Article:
Enlightened people around the globe have always viewed the arts as one of the greatest expressions of the human spirit. Where painting, music, and poetry flourish... brutishness, malice, and intolerance tend to recede. Without art there is no life, only drudgery. The eminent British art critic and social commentator of the Victorian age, John Ruskin, once noted that "industry without art is brutality." The California Legislature unfortunately is working to bring Ruskin's observation to fruition.

However, blame for the sorry state of art cannot be entirely placed at the feet of narrow minded politicians. The artworld itself has also played a role in diminishing the relevance of art. Witness the modern art competition now taking place at the celebrated Turner Gallery of London. In years past the prestigious Turner Prize was meted out to individuals who had pawned off a pickled shark and an unmade filthy bed as profound works of art. Contestants in this years 20th annual competition offer a painted bronze casting of a pair of large sex dolls engaged in fellatio, displays of flowers and fruit designed to rot over the course of the exhibit, and ceramic vases decorated with images of child abuse and sadomasochism. The winner of the contest receives the grand prize of $30,000.

Jake and Dinos Chapman are among the finalists competing for this year's Turner Prize. The duo are favored for having defaced a rare edition of Disasters of War, the famed etching series by Francisco Goya. The etchings were legally acquired but then altered by the Chapman's, who replaced the faces of Goya's characters with cartoon drawings of mouse eared clowns and puppy dogs. The Chapman's describe themselves as "anti-humanists" who metaphorically spit upon the idea of art being "uplifting or redemptive." Instead the team insists that art is an inadequate and powerless form of protest in the face of war. They have even gone so far as to mock Guernica, the transcendent antiwar mural by Pablo Picasso, for being "pathetic." They deny their art makes a statement concerning the ongoing war in Iraq, an unfolding tragedy the two greet with the yawning indifference displayed
by many postmodernists.

Jake Chapman exposed his politics when he remarked, that "there's something quite interesting in the fact that the war of the peninsula saw Napoleonic forces bringing rationality and enlightenment to a region that was marked by superstition and irrationality." That assertion sounds remarkably close to the opinions held by Italian Futurist Filippo Tommaso Marinetti, who wrote the essay "War - the World's Only Hygiene." Marinetti's path eventually led to Mussolini and Fascism, but perhaps the Chapmans are already appreciative of that fact.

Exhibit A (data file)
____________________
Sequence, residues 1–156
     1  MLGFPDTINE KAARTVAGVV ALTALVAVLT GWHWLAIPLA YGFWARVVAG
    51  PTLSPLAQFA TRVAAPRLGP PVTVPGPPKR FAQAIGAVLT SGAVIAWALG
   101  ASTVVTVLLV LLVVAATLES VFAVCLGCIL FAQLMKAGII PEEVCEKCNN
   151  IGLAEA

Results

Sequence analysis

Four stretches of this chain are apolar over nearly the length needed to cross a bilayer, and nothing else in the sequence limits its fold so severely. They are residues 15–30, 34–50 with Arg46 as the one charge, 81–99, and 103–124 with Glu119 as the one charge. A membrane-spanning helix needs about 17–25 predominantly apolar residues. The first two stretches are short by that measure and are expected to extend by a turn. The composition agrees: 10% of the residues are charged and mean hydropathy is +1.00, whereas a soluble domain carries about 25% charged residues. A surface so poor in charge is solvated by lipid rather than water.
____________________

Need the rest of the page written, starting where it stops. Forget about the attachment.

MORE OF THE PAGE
Some think it revolutionary when icons of the past are shattered, but such nihilism amounts to little more than the wanton destruction of history... a conduct engaged in by barbarians. No doubt the Chapman's bemuse themselves with the notion that they are doing something groundbreaking by disfiguring the works of Goya. Someone should remind them and their devotees of Marcel Duchamp. He shocked the bourgeois artworld 83 years ago when he created a "readymade" artwork by adding a mustache and goatee to a reproduction of the Mona Lisa. At least for Duchamp it was an original idea.

After the horror of September 11th it was said that the world had changed forever. How is it then that artists continue to work as they did before 9-11, creating art as if they are above social reality and beyond the reach of politics? The arts have always represented the very embodiment of freedom, but escapism in a time of carnage and butchery is not freedom.

What is the antidote to the artworld's smug ivory tower twaddle? An art theory and practice that's deeply rooted in community. An understanding of art as necessary for the betterment of humanity, and that humankind's spiritual needs are more important than the enrichment of investors and speculators. In short, a renaissance in the arts that rejects the dispassionate and misanthropic cynicism of the so-called postmodernists in favor of a new art practice for the 21st century.
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Mark Vallen's ART FOR A CHANGE website serves as a resource center for Art Activism. It encourages and promotes the creation of artworks that envision a just, peaceful world. Please inform others of this site, and forward this notice to all appropriate lists and individuals. If you wish to be added or removed from the AFC mailing list, or if you'd rather receive a text only version of this mailing... send an e-mail request to vallen@art-for-a-change.com
"Art is an effort to create, beside the real world, a more human world."
~ Andr Maurois (French Author)